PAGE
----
Visiting the Alternative Wolf and Bear Park in the Black Forest

by Sonja Faul

I travelled to the Black Forest with my family just before Christmas. The number one thing I wanted to do was visit the Alternative Wolf and Bear Park. This isn’t your average animal park or zoo. The park is a sanctuary that offers a better life for bears, wolves, and lynx that have been rescued from circuses and zoos. What’s not to love about that?

A brief history of the park

The Alternative Wolf and Bear Park in the Black Forest was founded in 2010. The primary focus of the park is to give second chances to European Brown Bears. Recently the park also welcomed wolves and lynx. The park is called ‘alternative’ which refers to the new life the rescued animals live here as opposed to their horrible previous circumstances.

Some of you might be wondering why these rescued animals cannot be released back into the wild. There are several reasons why. Simply put, these animals lack natural instincts, skills, and behaviour necessary to survive in the wild. Also, these animals, especially the bears, are used to be around humans. So if they were to be released back into the wild, they will still seek out the company of people. As you can imagine, this will be problematic. Furthermore, a lot of them have serious injuries which make their survival in the wild impossible. So basically, living in this park is their only shot at a ‘normal’ existence.

Now more about the park itself. The setting is beautiful: hills, trees, with rugged terrains and natural vegetation. The park is even more scenic during the winter with everything covered in snow! It’s fairly small with great walkways between the enclosures and hiking routes around the park. Be sure to pick up a free brochure on your way it. It’s all in German, but you can still look at the photos and try to identify the animals.


The park is home to a number of European Brown Bears. During my visit, I saw three. The bears didn’t come too close to the fence, so it was a little bit difficult for me to identify them. I’m pretty sure two of the three bears were Arian and Agonis (I think the other one was Arthos). Each one of these bears has a heartbreaking story.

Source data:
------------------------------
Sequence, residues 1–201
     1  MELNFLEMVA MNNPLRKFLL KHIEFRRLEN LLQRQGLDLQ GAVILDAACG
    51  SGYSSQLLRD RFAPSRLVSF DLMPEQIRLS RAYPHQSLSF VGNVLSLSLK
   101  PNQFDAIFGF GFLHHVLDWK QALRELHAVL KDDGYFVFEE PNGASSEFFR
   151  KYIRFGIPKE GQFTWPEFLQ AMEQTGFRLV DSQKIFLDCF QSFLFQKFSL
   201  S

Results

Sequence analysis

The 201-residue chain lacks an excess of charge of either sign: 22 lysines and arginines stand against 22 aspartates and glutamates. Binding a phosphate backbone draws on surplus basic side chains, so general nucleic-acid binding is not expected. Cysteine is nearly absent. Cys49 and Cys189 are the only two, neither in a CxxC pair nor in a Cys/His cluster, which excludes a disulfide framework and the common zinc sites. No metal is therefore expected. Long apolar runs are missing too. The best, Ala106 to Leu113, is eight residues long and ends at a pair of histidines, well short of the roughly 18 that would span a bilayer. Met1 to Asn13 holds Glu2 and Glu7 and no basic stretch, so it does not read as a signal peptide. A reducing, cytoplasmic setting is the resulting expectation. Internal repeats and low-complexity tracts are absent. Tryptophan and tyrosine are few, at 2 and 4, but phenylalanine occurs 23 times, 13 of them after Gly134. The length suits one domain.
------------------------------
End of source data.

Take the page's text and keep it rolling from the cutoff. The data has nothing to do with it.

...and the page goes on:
Agonis’ mother was killed by poachers in Albania, while he was kept as a pet by a restaurant owner. Growing up he didn’t socialize with other bears and because of that, he is now extremely fixated on humans and he doesn’t trust bears. Arian used a be a beach bear. What’s a beach bear? He was chained up and led around the beaches of Albania to beg money from tourists. He did this with his brother Arthos. Luckily the two brothers were rescued and have found a new home here at the park.

I loved watching the bears to see their everyday behaviour. For the most part, they had their snouts to the ground, scavenging for something to eat. I even saw a scene straight from a cartoon…one bear was scratching its backside against a tree trunk! (Think Baloo from The Jungle Book).


If I were to pick my favourite animal in the whole world, I’d pick a wolf. So as you can image, I loved seeing the European Wolves in the park. At first, the wolves were shy. They were among the trees in the middle of the enclosure and difficult to see.

But then I got lucky. The curious pack walked right up to the fence. Blesso stood out from the rest of the pack with his light fur. He came really close. I thought he was the alpha male, but as it turns out, he is the ‘outcast’ of the pack, at the bottom of the pecking order. I do love an underdog! (Since my visit in December, I’ve heard that Blesso has passed away)



I also saw my first Eurasian Lynx. His name is Charlie (Catrina was shy; I didn’t see her). He used to live in a small concrete enclosure in Strasbourg with his sister, Catrina, for 12 years. The enclosure had no enrichment or complexity to it, so Charlie and Catrina were unable to develop natural habits and behaviour to help them survive in the wild. In essence, neither Charlie nor Catrina knows what it means to be a lynx. But don’t get too sad, they have a wonderful new home now. Together they share a huge, natural enclosure away from their former concrete prison.

Entrance fee

A day ticket will cost you €7. If you want to, you can also take your dog along with you for a small fee of €2. It’s also possible to buy a three-day pass or a year card. If you feel moved to do so, you can also donate money to the park.

How to get to the park

You will need a car to reach the Alternative Wolf and Bear Park. To my knowledge, the park cannot be reached via public transportation. The closest town is called Schapbach.

How much time do you need to visit the park

This is completely up to you. You can whizz through the park in a couple of minutes…but where’s the fun in that? Why not take the time to observe these amazing animals up close and take some beautiful photos in the process? I found that one to two hours was plenty of time. But honestly, I could have spent the whole day here.

Because the enclosures are linked and the animals can freely move between them, this park is truly unique. I love the fact that all the animals here have been given a second chance. I hope you enjoy your visit to the park as much as I did!

For more information about the park and the animals, visit their website here. It’s all in German, but hey, what else are you going to use Google translate for?

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